Possible role of chondroitin sulphate and glucosamine for primary prevention of colorectal cancer. Results from the MCC-Spain study
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AuthorIbáñez-Sanz, Gemma; Díez-Villanueva, Anna; Vilorio-Marqués, Laura; Gracia, Esther; Aragonés, Nuria; Olmedo-Requena, Rocío; Llorca Díaz, Francisco Javier; Vidán, Juana; Amiano, Pilar; Nos, Pilar; Fernández-Tardón, Guillermo; Rada, Ricardo; Chirlaque, María Dolores; Guinó, Elisabet; Dávila-Batista, Verónica; Castaño-Vinyals, Gemma; Pérez-Gómez, Beatriz; Mirón-Pozo, Benito; Dierssen Sotos, Trinidad; [et al.]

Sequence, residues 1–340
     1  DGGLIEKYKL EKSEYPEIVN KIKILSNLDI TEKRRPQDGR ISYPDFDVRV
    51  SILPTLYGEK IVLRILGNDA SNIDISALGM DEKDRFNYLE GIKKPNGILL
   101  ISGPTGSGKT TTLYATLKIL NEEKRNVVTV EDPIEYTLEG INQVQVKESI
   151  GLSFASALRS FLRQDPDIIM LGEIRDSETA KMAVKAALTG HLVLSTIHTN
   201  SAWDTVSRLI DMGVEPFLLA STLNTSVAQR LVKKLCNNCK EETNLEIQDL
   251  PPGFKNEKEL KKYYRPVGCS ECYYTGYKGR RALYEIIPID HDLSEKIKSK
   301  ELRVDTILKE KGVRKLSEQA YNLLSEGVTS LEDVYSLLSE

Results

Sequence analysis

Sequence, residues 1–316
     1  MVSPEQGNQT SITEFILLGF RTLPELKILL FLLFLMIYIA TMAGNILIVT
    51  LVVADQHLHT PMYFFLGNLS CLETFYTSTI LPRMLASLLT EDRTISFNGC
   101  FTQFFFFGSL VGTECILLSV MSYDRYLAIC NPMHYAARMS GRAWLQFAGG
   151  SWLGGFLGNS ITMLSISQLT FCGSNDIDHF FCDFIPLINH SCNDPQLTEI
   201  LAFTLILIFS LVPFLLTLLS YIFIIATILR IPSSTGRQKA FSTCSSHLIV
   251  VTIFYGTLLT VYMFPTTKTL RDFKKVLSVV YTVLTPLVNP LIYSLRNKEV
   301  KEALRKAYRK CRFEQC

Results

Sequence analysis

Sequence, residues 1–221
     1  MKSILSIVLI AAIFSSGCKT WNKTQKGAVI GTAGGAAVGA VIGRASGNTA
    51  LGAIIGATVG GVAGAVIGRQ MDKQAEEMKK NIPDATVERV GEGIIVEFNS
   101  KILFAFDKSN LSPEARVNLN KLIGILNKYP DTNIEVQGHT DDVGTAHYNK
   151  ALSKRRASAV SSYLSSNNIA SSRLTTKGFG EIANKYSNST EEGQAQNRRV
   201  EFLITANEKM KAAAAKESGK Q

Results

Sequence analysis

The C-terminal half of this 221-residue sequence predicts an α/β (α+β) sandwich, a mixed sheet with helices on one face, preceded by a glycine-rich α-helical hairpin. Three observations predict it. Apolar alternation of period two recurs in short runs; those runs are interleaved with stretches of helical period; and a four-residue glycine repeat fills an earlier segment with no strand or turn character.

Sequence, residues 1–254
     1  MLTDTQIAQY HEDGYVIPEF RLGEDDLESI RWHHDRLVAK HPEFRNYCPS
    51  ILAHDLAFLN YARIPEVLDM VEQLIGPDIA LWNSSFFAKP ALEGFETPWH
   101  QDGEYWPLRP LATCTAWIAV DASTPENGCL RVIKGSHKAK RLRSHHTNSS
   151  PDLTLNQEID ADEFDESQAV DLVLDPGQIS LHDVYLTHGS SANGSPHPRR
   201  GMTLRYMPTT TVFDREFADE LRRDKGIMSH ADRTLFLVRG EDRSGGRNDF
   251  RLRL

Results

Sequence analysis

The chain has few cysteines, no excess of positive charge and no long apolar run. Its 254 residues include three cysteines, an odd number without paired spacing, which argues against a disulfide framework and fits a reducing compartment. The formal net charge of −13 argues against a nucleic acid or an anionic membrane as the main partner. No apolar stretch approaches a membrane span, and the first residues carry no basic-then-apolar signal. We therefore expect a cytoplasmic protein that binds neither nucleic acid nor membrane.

A safe and effective colorectal cancer (CRC) chemoprevention agent remains to be discovered. We aim to evaluate the association between the use of glucosamine and/or chondroitin sulphate and risk of colorectal cancer (CRC) in the MCC-Spain study, a case-control study performed in Spain that included 2140 cases of CRC and 3950 population controls. Subjects were interviewed on sociodemographic factors, lifestyle, family and medical history and regular drug use. Adjusted odds ratios and their 95% confidence intervals were estimated. The reported frequency of chondroitin and/or glucosamine use was 2.03% in controls and 0.89% in cases. Users had a reduced risk of CRC (OR: 0.47; 95% CI: 0.28-0.79), but it was no longer significant when adjusted for NSAID (nonsteroidal anti-inflammatory drugs) use (OR: 0.82; 95% CI: 0.47-1.40). A meta-analysis with previous studies suggested a protective effect, overall and stratified by NSAID use (OR: 0.77; 95% CI: 0.62-0.97). We have not found strong evidence of an independent preventive effect of CG on CRC in our population because the observed effects of our study could be attributed to NSAIDs concurrent use. These results merit further research due to the safety profile of these drugs.
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